The members of our group always take infinite effective levels of Uncanny Trickster when they take the second level of the class, in addition to the +1 to whatever other class they're exceeding the level cap of. It's not a big deal as far as I can tell, since the class features of UT ∞ are not actually that powerful, but a recent question led me to google around some optimization threads that suggest, for example, pairing it with Legacy Champion to have the classes' features create a feedback loop. As far as I can tell, there's never any reason to put off taking the infinite levels of UT as soon as you hit UT 2, as you can put the last level's +1 into whatever else you wanted to take. Is there some reason that having infinite effective class levels for the purposes of UT class features is a bad thing? Is there any other reason not to do this (besides UT 2 being horribly underpowered on its own for most builds)? What are we missing here?

Background info:

Q:Why would you take this class at all? A:Ctrl+F Uncanny trickster or Legacy Champion in this thread.

Q:But doesn't anyone disagree? A:Sure, these people do. The argument, as they freely admit, isn't very strong, though.

Q:How do effective levels work? A:Why, we have a answer that addresses that here


2 Answers 2


There's some fan support for the process the question proposes...

This 2014 thread suggests the process proposed in the question, but roots the process's legality in the consensus about various supermount builds (originally, I think, from this 2005 thread but also 2010 and 2012). This 2009 thread and this 2011 thread surrender to the topic at hand rather than rehashing (unexplained) arguments forbidding gaining levels beyond those printed. This 2012 thread says such gains are as per the rules as written yet offers no support.

In other words, the Internet thinks it's possible a DM may agree to extend either a less-than-10-level prestige class beyond its printed levels or a 10-level-or-more prestige class beyond its printed levels pre-epic, but a DM can say No and not feel like a jerk.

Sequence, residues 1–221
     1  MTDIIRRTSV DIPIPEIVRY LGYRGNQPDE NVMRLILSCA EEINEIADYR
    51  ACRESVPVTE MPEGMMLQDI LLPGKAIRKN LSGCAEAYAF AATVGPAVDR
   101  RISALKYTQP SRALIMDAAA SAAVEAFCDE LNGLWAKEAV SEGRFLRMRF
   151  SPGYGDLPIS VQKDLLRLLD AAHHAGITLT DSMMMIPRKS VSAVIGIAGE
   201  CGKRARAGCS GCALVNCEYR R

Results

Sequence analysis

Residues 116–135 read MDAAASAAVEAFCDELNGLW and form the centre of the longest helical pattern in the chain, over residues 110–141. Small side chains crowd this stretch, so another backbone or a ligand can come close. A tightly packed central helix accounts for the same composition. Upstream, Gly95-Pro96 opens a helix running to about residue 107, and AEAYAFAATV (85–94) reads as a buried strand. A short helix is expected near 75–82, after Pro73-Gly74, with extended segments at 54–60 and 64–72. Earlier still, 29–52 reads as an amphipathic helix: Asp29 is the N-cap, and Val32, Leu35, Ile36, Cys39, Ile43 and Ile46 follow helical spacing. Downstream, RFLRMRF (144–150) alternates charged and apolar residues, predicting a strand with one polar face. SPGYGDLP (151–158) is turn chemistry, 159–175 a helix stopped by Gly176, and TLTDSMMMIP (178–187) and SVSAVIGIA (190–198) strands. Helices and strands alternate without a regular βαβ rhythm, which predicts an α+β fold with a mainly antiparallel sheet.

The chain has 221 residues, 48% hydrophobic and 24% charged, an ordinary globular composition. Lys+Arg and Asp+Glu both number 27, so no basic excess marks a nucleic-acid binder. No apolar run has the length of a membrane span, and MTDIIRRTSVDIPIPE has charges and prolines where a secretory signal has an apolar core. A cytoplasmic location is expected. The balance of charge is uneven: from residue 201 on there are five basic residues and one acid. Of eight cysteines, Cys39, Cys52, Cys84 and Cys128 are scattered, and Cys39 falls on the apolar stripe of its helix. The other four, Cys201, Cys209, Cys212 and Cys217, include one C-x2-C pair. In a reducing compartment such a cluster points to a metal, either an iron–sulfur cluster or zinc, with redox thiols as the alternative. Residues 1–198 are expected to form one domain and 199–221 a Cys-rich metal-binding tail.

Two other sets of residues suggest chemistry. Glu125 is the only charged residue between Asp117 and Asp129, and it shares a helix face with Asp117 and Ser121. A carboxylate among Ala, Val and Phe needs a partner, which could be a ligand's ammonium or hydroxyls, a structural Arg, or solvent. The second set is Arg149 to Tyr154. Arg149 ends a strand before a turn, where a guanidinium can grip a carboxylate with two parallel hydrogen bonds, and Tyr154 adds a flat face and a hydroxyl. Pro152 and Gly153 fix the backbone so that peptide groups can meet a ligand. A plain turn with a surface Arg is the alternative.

...But the uncanny trickster's special ability class features probably should neither increase a less-than-10-level prestige class's effective level beyond the class's listed levels nor increase a 10-level-or-more prestige class's effective level beyond 10 pre-epic

The prestige class uncanny trickster (Complete Scoundrel 67-70) at level 2 gains the special ability class features that says

At each level after 1st, you gain class features (including spellcasting ability) and an increase in effective level as if you had also gained a level in a class to which you belonged before adding the prestige class level. You do not, however, gain the benefit of your previous class’s Hit Dice, attack progression, skill points, or saving throws. If you had more than one class before becoming an uncanny trickster, you must decide to which class to add each level for the purpose of determining class features. (67)

Emphasis mine. So it's clear, beyond what's listed, no further guidance is provided elsewhere as to what is granted by an effective level as if.

Further, the Dungeon Master's Guide on Epic Characters says that